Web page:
Upper and middle grade students partner up with primary grade students to provide an enriching experience to both individuals.

Jefferson Project (jefferson-project.org)

Klamath-Trinity Joint School District (ktjusd.k12.ca.us)

  • After School Education and Safety Program (ASES)

    • An afterschool program for students that involves homework assistance, tutoring, group activities, crafts, etc. It operates until 6 p.m. on school days.
  • Indian Education Program

    • An in-school program that works to meet the special needs and culturally-relevant education of Native American children. It implements lessons based on the culture and history of the local Hoopa, Yurok, and Karuk tribes.

Life Jacket Loan Program

  • Life jackets are available to borrow at a list of locations on the website. Available jackets range from infant to adult sizes.

Mckinleyville High School: Boys to Men

  • As a voluntary empowerment group, the program supports the well-being of male-identified individuals at Mckinleyville High School. It meets weekly, and works to develop strong peer-to-peer relationships between students, foster a sense of community, and prepare boys for their transition into men.

New Directions of Humboldt Foster Family Association

  • Located in Eureka, members have access to support groups, trainings, advocacy, etc. for foster families.

Northcoast Children's Services (ncsheadstart.org)

  • The program offers Early Head Start and Head Start preschools for infants and young children, as well as an Early Head Start Home Based Preschool that occurs within the families' homes in preparation for kindergarten to low income families. Pregnant women can receive support from a Home Visitor based on their needs. The program supports families by securing resources (e.g. food security, housing, counseling), facilitating parental education (e.g. workshops, classes, nutrition), in supporting children's physical and mental health, child development, and children with special needs.

North Coast Resource Hub (resourcehub.nchiin.org)

  • An online resource that lists the many resources, programs, and services available in the North Coast. The website is still in development (as of May 2021), but contains a substantial amount of resources available by search. Many of the resources on the website are also present in this document, however there may be listed resources not in this document that can address a family's specific needs.

Nurse-Family Partnership (NFP)

  • A free, voluntary program in which low-income mothers are partnered with nurses as early as 28 weeks until their child's 2nd birthday. The nurses address mothers' questions and concerns during pregnancy and prepare them for child birth. Includes home visits.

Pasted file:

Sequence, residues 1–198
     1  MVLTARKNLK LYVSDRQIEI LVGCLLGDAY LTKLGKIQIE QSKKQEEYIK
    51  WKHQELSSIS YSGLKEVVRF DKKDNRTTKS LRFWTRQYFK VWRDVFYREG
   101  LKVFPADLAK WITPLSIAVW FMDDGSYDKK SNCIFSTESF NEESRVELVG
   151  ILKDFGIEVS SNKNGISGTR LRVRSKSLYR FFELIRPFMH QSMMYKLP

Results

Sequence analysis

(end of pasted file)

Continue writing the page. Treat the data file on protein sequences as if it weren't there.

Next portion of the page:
Paso a Paso (Step by Step)

  • The program offers preventative information and support to Latino families through childbirth and breastfeeding education and support, resource referrals, home visits, support groups, etc. All of their services are free.

South Bay Union School District: EXPLORE After School Program

  • An after school program that includes arts and crafts, games, sports, study time, homework assistance and free time. It is available to all schools within the district.

Transport Assistance Program

  • Support is provided for families and individuals who are relocating to an area in which they can receive support from friends or family, employment opportunities, and other means to reach self-sufficiency. Participants will receive a nonrefundable one-way ticket to a predetermined location, a meal allowance and, in some cases, a fuel allowance.

Two Feathers Native American Family Services

  • Behavioral Health Services

    • Trauma-informed counseling for children and adolescents, assessments and evaluations for mental health, and therapy and psychotherapy are offered. Life skills education, anger management, and stress management are also available.
  • California Reducing Health Disparities, California Department of Public Health: 2Feathers Flower Dance/Stick Game Project

    • Part of a 5 year project that evaluates the mental health prevention and early intervention impacts of the culturally specific Flower Dance and Stick Game Project. The Flower Dance is a coming of age ceremony for young women taking place on Tribal Lands, with community involvement. The Stick Game Project is an inter-Tribal competition for American Indian Boys, and men and women of all generations come to watch.